Peer-to-peer lending platforms have called on the government to extend the coronavirus business interruption loan scheme (CBILS) past its deadline of 30 September.
So far CBILS, which has an 80 per cent government guarantee and provides loans up to £5m, has delivered £11.5bn to 53,500 small- and medium-sized enterprises.
David Bradley-Ward, chief executive of asset-backed P2P lending platform Ablrate, said that CBILS will most likely be extended because the current economic situation will not be sorted soon, but he added that most businesses that have needed to utilise the scheme would have applied for it by now.
“It would make sense to extend it if there’s a second wave and another lockdown in the winter, but how would it work, would businesses that have received CBILS already and need it again, take out another CBILS loan or top theirs up?” he said.
“I can see them extending it for the rest of the year, but we don’t know what the unintended consequences will be. CBILS is already skewing the lending marketplace.”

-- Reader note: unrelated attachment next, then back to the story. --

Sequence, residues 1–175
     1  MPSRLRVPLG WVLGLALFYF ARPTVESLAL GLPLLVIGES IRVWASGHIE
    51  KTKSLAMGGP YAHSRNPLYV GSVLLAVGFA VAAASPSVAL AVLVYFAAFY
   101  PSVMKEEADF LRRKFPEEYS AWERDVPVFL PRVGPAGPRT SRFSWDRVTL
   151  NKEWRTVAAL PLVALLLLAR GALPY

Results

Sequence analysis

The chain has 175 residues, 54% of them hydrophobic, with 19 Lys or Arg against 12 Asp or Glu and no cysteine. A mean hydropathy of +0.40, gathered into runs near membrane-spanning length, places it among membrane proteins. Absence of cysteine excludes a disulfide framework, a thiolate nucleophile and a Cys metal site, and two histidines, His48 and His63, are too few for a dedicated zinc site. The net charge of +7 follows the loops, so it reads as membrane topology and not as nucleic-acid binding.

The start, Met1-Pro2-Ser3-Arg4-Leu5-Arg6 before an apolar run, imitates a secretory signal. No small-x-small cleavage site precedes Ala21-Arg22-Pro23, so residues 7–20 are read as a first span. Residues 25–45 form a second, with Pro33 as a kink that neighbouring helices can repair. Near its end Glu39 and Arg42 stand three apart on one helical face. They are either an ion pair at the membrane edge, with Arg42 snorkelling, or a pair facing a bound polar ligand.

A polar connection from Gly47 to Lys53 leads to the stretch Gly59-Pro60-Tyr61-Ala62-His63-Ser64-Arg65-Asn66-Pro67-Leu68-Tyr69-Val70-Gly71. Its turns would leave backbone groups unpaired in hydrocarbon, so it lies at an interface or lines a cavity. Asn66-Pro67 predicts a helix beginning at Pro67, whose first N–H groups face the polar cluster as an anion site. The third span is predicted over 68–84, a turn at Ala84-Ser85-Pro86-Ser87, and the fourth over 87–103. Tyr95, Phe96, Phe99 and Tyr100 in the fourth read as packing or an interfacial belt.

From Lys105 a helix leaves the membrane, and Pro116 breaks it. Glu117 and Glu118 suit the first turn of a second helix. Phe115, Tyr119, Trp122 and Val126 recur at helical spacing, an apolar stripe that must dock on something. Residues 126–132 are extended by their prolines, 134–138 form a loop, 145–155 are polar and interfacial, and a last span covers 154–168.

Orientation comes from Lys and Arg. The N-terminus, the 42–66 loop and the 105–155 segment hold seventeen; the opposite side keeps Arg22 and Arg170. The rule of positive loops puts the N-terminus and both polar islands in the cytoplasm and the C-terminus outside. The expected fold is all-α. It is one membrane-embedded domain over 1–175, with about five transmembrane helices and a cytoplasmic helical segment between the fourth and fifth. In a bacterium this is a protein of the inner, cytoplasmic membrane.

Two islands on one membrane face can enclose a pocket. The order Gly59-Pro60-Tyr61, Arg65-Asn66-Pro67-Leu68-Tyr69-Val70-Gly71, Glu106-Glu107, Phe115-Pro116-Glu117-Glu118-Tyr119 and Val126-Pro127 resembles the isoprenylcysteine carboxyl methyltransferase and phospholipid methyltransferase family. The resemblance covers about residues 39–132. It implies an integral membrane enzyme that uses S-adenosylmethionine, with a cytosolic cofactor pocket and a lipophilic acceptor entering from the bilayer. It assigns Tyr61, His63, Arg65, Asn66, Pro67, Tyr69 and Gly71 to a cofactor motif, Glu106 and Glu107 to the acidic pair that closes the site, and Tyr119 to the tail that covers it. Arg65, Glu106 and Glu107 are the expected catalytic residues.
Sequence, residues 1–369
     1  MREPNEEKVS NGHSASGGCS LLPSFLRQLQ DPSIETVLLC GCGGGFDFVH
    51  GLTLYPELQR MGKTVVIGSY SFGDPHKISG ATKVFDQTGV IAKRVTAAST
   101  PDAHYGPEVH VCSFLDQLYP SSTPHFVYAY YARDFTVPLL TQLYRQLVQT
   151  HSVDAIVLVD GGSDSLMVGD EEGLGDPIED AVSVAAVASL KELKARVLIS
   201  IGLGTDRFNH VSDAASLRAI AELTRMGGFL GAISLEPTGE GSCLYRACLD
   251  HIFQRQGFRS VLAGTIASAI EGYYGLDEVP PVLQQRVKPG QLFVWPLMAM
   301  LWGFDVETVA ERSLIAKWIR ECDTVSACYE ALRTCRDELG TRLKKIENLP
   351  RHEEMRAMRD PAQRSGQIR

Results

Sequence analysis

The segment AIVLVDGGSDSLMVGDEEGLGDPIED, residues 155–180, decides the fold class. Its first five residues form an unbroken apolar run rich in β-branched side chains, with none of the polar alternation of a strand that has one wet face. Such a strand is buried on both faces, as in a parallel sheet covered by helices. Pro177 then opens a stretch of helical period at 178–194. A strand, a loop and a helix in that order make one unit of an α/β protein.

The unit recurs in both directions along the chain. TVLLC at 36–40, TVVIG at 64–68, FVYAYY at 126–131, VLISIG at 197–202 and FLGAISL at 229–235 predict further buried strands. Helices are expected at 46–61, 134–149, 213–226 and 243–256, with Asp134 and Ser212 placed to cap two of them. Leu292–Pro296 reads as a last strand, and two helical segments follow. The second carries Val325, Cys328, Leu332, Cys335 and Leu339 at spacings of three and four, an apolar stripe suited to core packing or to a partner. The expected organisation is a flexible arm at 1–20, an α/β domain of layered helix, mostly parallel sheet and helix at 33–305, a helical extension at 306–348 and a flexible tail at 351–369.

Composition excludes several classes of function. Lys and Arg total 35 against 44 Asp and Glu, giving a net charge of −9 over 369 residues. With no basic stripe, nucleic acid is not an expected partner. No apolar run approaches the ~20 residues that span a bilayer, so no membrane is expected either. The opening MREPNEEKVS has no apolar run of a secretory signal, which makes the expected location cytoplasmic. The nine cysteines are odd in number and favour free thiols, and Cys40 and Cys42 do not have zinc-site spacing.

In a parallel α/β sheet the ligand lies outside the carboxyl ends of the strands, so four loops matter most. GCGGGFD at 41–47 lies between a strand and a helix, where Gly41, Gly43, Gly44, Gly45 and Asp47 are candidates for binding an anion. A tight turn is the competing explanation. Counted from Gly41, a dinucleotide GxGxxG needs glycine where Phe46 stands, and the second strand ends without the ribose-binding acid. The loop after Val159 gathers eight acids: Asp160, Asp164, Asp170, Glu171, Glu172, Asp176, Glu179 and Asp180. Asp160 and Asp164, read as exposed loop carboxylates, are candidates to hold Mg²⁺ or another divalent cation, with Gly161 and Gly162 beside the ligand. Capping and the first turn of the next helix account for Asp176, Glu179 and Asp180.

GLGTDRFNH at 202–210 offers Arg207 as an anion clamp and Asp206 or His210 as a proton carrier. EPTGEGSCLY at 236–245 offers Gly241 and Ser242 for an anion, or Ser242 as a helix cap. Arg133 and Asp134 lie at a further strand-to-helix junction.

Stuart Law, chief executive of Assetz Capital, said the government needs to extend the scheme in order for lenders to attract the institutional investment needed to deliver these funds.
“No more institutional investors will be coming to the table for any alternative lenders unless the government extends the scheme,” he said.
“It would be great even if they could just confirm the scheme is moving forward.
“I think the government wants to make an announcement but wants to see what the economic situation is like in September first, which makes sense in one way, but it’s really badly harming the chances of alternative lenders taking part in the scheme.”
Lee Birkett, founder of JustUs, said CBILS should be extended for another 12 months at least, and should also be amended.
“The government should add a 100 per cent guarantee up to £250,000,” he said.
“It should also create a larger scheme, like the future fund, for growing businesses that are not currently able to access equity.”
Andrew Holgate, chief executive of fintech consultancy Equitivo, said CBILS should be extended until early Spring or Summer next year, because it’ll take that long for normality to return.
“I think support will have to continue because of what will happen in the retail sector and that will have a knock-on effect in the supply chain,” he said.
“Support will still be needed because we’re a long way away from normality.”